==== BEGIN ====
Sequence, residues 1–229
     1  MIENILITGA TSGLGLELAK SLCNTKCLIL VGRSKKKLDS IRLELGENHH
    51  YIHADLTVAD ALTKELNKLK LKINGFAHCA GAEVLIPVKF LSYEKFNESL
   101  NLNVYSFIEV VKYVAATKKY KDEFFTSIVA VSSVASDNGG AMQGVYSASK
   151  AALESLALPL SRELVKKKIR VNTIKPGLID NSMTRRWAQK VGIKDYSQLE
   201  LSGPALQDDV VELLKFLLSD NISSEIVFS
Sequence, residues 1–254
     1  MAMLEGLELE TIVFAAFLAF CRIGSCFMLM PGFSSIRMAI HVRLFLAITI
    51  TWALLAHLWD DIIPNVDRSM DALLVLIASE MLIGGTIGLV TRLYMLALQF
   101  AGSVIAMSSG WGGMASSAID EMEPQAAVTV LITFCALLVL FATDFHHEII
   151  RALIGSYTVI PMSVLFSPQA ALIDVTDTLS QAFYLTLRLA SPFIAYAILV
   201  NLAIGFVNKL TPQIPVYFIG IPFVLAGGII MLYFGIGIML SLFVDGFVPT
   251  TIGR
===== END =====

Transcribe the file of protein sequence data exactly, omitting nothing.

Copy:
Sequence, residues 1–229
     1  MIENILITGA TSGLGLELAK SLCNTKCLIL VGRSKKKLDS IRLELGENHH
    51  YIHADLTVAD ALTKELNKLK LKINGFAHCA GAEVLIPVKF LSYEKFNESL
   101  NLNVYSFIEV VKYVAATKKY KDEFFTSIVA VSSVASDNGG AMQGVYSASK
   151  AALESLALPL SRELVKKKIR VNTIKPGLID NSMTRRWAQK VGIKDYSQLE
   201  LSGPALQDDV VELLKFLLSD NISSEIVFS
Sequence, residues 1–254
     1  MAMLEGLELE TIVFAAFLAF CRIGSCFMLM PGFSSIRMAI HVRLFLAITI
    51  TWALLAHLWD DIIPNVDRSM DALLVLIASE MLIGGTIGLV TRLYMLALQF
   101  AGSVIAMSSG WGGMASSAID EMEPQAAVTV LITFCALLVL FATDFHHEII
   151  RALIGSYTVI PMSVLFSPQA ALIDVTDTLS QAFYLTLRLA SPFIAYAILV
   201  NLAIGFVNKL TPQIPVYFIG IPFVLAGGII MLYFGIGIML SLFVDGFVPT
   251  TIGR